After the adhesive material has hardened, the heated core may be removed from the oven and transferred to a powdered insulating material applying apparatus such as partially illustrated in FIG. 7, and described and illustrated in more detail in DeJean et al. U.S Pat. No. 3,355,310, assigned to General Electric Company, assignee of the present invention. The DeJean et al. apparatus consists essentially of a core holder and masking device 122 which clamps and rotates the core between two pairs of powdered insulating material applying nozzles 124, 126 and 128, 130. The nozzles spray the powdered insulating material on selected surfaces of the heated core, such as the surfaces of the coil and conductor receiving slots to form an integral insulating coating on these selected surfaces.

FIG. 8 illustrates a portion of a core 10 bonded by the apparatus and method of this invention and having an integral insulating coating 132 on selected surfaces thereof, such as the lateral faces of the end laminations and the surfaces of the slots 22 formed between the tooth sections 20.

It will be understood from the foregoing description that, although the illustrated exemplification of the principles of the invention were applied to a laminated stator core for use in a dynamoelectric machine, the invention can be advantageously carried out with laminated rotors for dynamoelectric machines and other laminated structures adapted for use in other electromagnetic devices, where it is desired to bond together laminations having spaces therebetween. In particular, even though a stator core with a central bore has been illustrated it will be understood that a rotor core having tooth sections extending generally outwardly from the center of a core, rather than inwardly, also may contain laminations which have spaces therebetween to which adhesive material may be applied in accordance with the present invention to bond together the laminations. It also will be understood that the application of the adhesive bonding material and its curing or hardening to form a unified structure has advantages even where it is not desired to provide an integral insulating material on selected surfaces of the core.

It should be apparent to those skilled in the art that, while there has been described what, at present, are considered to be the preferred embodiments of this invention, in accordance with the Patent Statutes, changes may be made in the disclosed apparatus and method without actually departing from the true spirit and scope of the invention.

What we claim as new and desire to secure by Letters Patent of the United States is:

1. Apparatus for applying an adhesive bonding material to a stack of laminations forming a laminated core for use in an inductive device, the core having tooth sections with at least some of the laminations having spaces therebetween at the termination portions of the tooth sections; said apparatus including: applicator means adapted to carry on its peripheral surface unhardened adhesive material; means mounting the core for engaging the termination portions of the at least some of the laminations with unhardened adhesive material being carried on the peripheral surface of said applicator means; means for providing relative rotary motion between said applicator means and the termination portions of the tooth sections to apply unhardened adhesive material to the termination portions of the at least some of the laminations; and means for applying a magnetic field to the core for ensuring separation of the at least some of the laminations as the unhardened adhesive material is being applied to the termination portions thereof.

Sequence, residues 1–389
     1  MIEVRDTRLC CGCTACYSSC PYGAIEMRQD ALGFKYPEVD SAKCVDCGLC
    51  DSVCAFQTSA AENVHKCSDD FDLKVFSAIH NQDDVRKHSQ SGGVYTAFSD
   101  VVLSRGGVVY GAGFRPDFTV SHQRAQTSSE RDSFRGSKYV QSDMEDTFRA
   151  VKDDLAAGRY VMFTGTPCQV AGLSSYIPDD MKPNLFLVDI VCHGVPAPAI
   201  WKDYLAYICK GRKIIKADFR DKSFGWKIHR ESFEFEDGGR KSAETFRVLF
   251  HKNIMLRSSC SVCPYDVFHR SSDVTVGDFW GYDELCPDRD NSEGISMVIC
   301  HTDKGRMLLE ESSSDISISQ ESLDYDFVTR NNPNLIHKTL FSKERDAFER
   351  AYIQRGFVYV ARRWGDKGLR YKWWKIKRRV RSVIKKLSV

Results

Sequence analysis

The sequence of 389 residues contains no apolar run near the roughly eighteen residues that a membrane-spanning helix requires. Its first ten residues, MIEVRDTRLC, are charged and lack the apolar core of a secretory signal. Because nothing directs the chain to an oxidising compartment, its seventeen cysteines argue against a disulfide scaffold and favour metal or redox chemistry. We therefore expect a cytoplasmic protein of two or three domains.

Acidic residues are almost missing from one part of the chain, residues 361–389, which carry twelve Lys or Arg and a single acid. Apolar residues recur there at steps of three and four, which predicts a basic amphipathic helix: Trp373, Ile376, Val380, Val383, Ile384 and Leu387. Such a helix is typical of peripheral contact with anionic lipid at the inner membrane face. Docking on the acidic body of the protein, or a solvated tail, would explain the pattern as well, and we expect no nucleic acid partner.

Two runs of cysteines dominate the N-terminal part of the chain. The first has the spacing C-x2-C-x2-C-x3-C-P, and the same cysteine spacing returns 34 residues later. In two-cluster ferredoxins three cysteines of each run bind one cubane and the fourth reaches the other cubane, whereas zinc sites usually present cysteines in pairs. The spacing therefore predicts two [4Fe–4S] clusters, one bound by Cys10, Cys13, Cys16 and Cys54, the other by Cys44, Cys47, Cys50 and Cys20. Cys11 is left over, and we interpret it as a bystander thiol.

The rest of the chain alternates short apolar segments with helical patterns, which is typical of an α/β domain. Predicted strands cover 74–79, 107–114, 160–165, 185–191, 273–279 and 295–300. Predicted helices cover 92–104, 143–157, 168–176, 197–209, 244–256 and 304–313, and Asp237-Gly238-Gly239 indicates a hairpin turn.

2. Apparatus as set forth in claim 1 wherein said means for applying a magnetic field is at least one electromagnetic device positioned adjacent the termination portions of the at least some of the laminations engaging the unhardened adhesive material on said peripheral surface of said applicator means.

3. Apparatus as set forth in claim 1 wherein said applicator means is a hollow drum and said means for applying a magnetic field is an electromagnetic device fixedly mounted within said drum.

4. Apparatus for applying an adhesive bonding material to a stack of laminations forming a laminated core for use in an inductive device, the core having a plurality of spaced -apart tooth sections forming spaced-apart conductor receiving slots with termination portions of adjacent tooth sections forming the entrance for the slot therebetween, at least some of the laminations having spaces therebetween at the termination portions of the tooth sections, said apparatus including: applicator means having a peripheral surface adapted to carry unhardened adhesive material; mounting means for positioning the core for predetermined engagement between the termination portions of the at least some of the laminations and unhardened adhesive material on the peripheral surface of said applicator means; means for providing relative rotary motion between said applicator means and the termination portions of the tooth sections for transfer of unhardened adhesive material from said applicator means to the at least some of the laminations; and means for applying a magnetic field to the core for ensuring separation of the at least some of the laminations as the unhardened adhesive material is concurrently being applied to the termination portions thereof.